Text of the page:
Passafist's Dave Perkins began his musical career in New York as a staff writer for CBS and a guitar-for-hire, playing in backup bands for years before a friend gave him the keys to his recording studio and permission to play around whenever it was available. In time his engineering skills brought him increasing opportunitites to produce songs from other players, and paved the way for recording his own project as well.
Lynn Nichols is a former vice president of Word Records who was instrumental in re-signing Phil Keaggy for a series of albums that started with the now-classic Sunday's Child record.
Nichols and Perkins first crossed paths several years ago when Perkins was producing Steve Taylor's I Predict 1990 record. And it was a couple of years later that Perkins mentioned to Taylor that he was interested in putting a band together. The two soon hooked up with Nichols, drummer Mike Mead and bassist Wade Jaynes to form Chagall Guevara. Their 1991 self- titled debut on MCA garnered critical praise but less than electrifying sales. Rather than dive into a second record together, the band members amicably opted to pursue individual endeavors.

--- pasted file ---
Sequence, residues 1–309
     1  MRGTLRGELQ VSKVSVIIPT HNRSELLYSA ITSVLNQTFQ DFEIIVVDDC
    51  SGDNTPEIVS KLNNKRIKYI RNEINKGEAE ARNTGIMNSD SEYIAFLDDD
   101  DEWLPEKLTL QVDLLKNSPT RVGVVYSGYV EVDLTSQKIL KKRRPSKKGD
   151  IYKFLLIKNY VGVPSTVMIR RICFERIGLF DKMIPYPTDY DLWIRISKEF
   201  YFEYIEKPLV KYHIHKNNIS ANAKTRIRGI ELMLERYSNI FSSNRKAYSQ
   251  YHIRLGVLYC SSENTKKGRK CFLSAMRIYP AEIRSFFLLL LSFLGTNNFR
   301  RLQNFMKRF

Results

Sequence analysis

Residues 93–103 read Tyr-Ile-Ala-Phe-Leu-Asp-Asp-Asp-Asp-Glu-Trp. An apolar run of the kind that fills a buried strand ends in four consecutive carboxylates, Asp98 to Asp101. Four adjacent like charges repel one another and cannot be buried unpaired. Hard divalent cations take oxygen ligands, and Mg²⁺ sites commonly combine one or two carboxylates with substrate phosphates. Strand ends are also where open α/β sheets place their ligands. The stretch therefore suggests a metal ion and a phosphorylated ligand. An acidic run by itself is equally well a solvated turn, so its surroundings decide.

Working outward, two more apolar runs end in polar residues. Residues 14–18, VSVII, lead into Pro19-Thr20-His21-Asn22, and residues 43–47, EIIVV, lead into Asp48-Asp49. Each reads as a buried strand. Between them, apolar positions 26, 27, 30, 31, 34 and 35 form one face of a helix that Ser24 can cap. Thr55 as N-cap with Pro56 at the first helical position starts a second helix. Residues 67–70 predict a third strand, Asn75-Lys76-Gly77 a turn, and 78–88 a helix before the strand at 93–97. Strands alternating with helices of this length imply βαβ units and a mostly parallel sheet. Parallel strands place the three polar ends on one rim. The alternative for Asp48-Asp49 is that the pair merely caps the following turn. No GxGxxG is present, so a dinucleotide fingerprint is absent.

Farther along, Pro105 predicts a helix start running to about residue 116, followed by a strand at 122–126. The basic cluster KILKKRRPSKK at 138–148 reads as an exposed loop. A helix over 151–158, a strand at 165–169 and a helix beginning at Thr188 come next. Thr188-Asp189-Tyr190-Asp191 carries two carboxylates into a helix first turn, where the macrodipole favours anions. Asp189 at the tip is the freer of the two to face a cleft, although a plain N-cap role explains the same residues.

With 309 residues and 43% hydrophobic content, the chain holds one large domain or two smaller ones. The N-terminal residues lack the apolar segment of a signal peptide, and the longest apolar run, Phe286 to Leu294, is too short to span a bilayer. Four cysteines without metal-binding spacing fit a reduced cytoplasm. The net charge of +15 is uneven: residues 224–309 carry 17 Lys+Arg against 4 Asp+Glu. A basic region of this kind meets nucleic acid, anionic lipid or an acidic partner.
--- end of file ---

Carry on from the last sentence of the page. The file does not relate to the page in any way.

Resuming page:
For Perkins, one of those endeavors was a piece of music for a motion picture that was being made in London. He wound up putting together a composition called "Christ of the Nuclear Age" which was heavily influenced by the industrial sound of groups like Ministry and Nine Inch Nails. During this same time, Perkins and Nichols were compiling a producer's reel of their individual and corporate production work. When Nichols heard "Christ of the Nuclear Age," he loved it so much that the two of them began to think about doing an entire record together. With the programming help of Dessau's John Elliot, they were able to mesh the sound of their guitar playing against a hard techno/industrial backdrop.
The result is Passafist. The record's seven tracks approach highly topical issues from the perspective of their personal impact of the writers. Perkins describes "Emmanuel Chant" as "...a gasping prayer coming up off the floor of the post-apocalyptic planet." He sees it as a musical blend of Psalm 63 and the movie Soylent Green. Other themes include gun control ("Glock") and the use of sex as a marketing tool ("LOV-E900"). The record also includes a cover of the Rolling Stones' "Street Fighting Man